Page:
24 hours of New Year’s Eves: How and when people celebrate NYE across the world


24 different time zones means an awful lot of fireworks.

New Year’s Eve is a deceptively short-lived festival. We have hours of build-up, a night of alcoholic merriment that unites the nation, and an arsenal of pyrotechnics that seems to grow bigger every year. The moment itself? Over in a second.

But though this may be true for a town square or front room, we’re just one stop on a grand voyage which spans 24 hours and every corner of the globe.

Here’s a New Year guide to help you along for the ride, from its start in the South Pacific to the fall of the ball in Times Square.

10:00AM – Samoa

Samoan sunrise

Residents of the Pacific island nation of Samoa are the first to welcome 2019 to their shores, and the country quite literally travelled in time to make it so. In 2011, officials decided to move from the Eastern side of the International Date Line to the Western side. This brought the working week in line with Western trading partners Australia and New Zealand, and saw them pivot from last New Year-celebrating nation to first.

A pro tip for the expert reveller: welcome in 2020 in Samoa, then take a plane across the International Date Line to American Samoa and welcome it in again a day later.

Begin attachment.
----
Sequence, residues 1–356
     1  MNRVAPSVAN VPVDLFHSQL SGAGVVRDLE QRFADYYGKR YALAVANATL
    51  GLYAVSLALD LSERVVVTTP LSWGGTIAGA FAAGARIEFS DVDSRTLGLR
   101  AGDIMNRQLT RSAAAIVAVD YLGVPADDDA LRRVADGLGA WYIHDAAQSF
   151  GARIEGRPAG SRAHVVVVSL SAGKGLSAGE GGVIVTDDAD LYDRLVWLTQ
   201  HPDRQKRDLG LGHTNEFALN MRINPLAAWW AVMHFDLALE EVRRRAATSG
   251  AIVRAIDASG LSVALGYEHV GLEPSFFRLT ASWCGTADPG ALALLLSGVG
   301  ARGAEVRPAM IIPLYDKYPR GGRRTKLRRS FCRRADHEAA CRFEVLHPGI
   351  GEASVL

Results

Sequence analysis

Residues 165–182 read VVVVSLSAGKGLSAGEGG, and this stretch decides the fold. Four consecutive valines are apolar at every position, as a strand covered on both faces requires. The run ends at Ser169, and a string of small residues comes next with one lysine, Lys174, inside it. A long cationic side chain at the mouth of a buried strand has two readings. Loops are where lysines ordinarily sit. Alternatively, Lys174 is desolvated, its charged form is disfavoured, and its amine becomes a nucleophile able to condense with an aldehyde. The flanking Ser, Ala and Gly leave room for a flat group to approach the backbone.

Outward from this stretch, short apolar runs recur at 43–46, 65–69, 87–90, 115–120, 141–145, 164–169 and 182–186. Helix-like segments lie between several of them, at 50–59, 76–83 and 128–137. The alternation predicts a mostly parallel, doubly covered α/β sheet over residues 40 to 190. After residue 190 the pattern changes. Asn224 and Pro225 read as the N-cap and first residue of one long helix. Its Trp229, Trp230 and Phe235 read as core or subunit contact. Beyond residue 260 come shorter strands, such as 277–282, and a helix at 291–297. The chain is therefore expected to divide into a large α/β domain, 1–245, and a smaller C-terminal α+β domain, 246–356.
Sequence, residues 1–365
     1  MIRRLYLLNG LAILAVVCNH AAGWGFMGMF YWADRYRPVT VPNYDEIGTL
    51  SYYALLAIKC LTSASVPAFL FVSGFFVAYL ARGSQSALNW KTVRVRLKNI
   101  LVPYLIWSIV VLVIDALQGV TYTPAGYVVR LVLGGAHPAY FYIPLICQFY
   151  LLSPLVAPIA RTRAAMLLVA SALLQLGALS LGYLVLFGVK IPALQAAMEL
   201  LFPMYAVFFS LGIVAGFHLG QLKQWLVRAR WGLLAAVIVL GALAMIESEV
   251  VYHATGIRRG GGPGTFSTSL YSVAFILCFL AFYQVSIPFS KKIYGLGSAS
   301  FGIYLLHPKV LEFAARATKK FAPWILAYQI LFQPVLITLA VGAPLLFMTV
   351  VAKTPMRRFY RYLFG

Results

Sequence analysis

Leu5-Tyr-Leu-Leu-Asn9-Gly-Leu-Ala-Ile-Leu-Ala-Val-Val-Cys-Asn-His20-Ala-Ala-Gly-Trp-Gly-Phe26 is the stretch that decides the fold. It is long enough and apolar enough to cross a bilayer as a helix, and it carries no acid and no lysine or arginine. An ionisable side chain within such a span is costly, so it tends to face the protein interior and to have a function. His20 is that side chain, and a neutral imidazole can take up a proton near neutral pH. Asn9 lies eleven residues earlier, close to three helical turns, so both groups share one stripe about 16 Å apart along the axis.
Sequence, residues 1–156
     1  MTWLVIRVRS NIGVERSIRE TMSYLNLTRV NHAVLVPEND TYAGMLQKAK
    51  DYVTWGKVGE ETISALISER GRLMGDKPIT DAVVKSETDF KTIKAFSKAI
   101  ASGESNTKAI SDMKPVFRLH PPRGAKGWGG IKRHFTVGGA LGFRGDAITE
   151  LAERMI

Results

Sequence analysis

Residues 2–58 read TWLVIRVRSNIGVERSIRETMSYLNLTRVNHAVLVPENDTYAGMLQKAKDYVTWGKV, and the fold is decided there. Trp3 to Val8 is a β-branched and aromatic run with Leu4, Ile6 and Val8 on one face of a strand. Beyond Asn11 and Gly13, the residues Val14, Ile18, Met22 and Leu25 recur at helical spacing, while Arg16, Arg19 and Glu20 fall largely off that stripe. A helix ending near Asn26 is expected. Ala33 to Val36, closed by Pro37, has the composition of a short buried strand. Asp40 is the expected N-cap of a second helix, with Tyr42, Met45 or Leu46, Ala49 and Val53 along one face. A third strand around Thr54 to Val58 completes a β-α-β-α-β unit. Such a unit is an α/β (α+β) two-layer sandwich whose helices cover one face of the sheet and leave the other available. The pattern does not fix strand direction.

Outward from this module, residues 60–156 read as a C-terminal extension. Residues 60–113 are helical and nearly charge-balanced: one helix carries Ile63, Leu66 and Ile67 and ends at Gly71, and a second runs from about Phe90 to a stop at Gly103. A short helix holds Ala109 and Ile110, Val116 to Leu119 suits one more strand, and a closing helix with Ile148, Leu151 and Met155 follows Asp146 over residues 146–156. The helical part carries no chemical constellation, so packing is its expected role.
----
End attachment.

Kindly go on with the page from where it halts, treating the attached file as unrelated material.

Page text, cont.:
12:00 – New Zealand, large parts of Australia, Vanuatu

At 11:00 New Zealand becomes the first of the big dogs to uncork some New Year champagne, and at midday GMT Sydney, Melbourne and Australian capital Canberra join their Antipodean brethren.

The Australian hinterland is so monstrously large that in the West Coast city of Perth the clock doesn’t chime til three hours later.

16:00 – China, Philippines, Taiwan, Malaysia

Chinese New Year dragon

We’d lay a sizeable bet that every December 31 sees groups of tourists gather in Chinese cities expecting red lanterns and paper dragons, only to realise too late that Chinese New Year is a completely separate event, usually in early February. January 1 is still a national holiday in China but it’s usually spent with family or at company parties.

More interesting are the Chinese time zones, or to be more accurate, time zone. Despite stretching from the central steppes of Asia all the way to the Pacific Ocean, the entire country uses ‘China Standard Time’, which is centred upon the capital Beijing. Residents of Urumqi bring in the New Year at the same time as Shanghai, despite lying nearly 4,000 km to the west.

18:30 – India, Sri Lanka

A map of India

You’re going to have to bear with us here, because Asian time zones are a mathematical minefield. India and Sri Lanka use a half hour increment – ie. compared to the rest of the world they are always 30 minutes off the hour.

This leaves the Indian New Year just 30 minutes ahead of Pakistan, and 30 minutes behind Bangladesh, despite bordering Bangladesh to both the east and the west. And because of China’s unceremonious approach to timekeeping, the whole of India celebrates two and a half hours behind Tibet and Xinjiang – which both lie roughly due North. You could use this as another double New Year’s but, given to visa issues and the small matter of the Himalayas, it might take you longer than that to cross the border.